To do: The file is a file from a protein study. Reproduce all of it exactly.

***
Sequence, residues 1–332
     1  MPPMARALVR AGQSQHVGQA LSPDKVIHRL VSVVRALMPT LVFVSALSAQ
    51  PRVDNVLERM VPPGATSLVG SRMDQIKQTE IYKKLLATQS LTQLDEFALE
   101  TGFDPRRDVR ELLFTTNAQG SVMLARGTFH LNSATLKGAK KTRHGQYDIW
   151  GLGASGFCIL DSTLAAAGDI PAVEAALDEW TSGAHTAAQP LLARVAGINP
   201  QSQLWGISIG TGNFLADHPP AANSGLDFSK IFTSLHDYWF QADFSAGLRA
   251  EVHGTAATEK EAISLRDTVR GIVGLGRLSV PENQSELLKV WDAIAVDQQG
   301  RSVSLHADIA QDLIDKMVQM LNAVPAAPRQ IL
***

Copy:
Sequence, residues 1–332
     1  MPPMARALVR AGQSQHVGQA LSPDKVIHRL VSVVRALMPT LVFVSALSAQ
    51  PRVDNVLERM VPPGATSLVG SRMDQIKQTE IYKKLLATQS LTQLDEFALE
   101  TGFDPRRDVR ELLFTTNAQG SVMLARGTFH LNSATLKGAK KTRHGQYDIW
   151  GLGASGFCIL DSTLAAAGDI PAVEAALDEW TSGAHTAAQP LLARVAGINP
   201  QSQLWGISIG TGNFLADHPP AANSGLDFSK IFTSLHDYWF QADFSAGLRA
   251  EVHGTAATEK EAISLRDTVR GIVGLGRLSV PENQSELLKV WDAIAVDQQG
   301  RSVSLHADIA QDLIDKMVQM LNAVPAAPRQ IL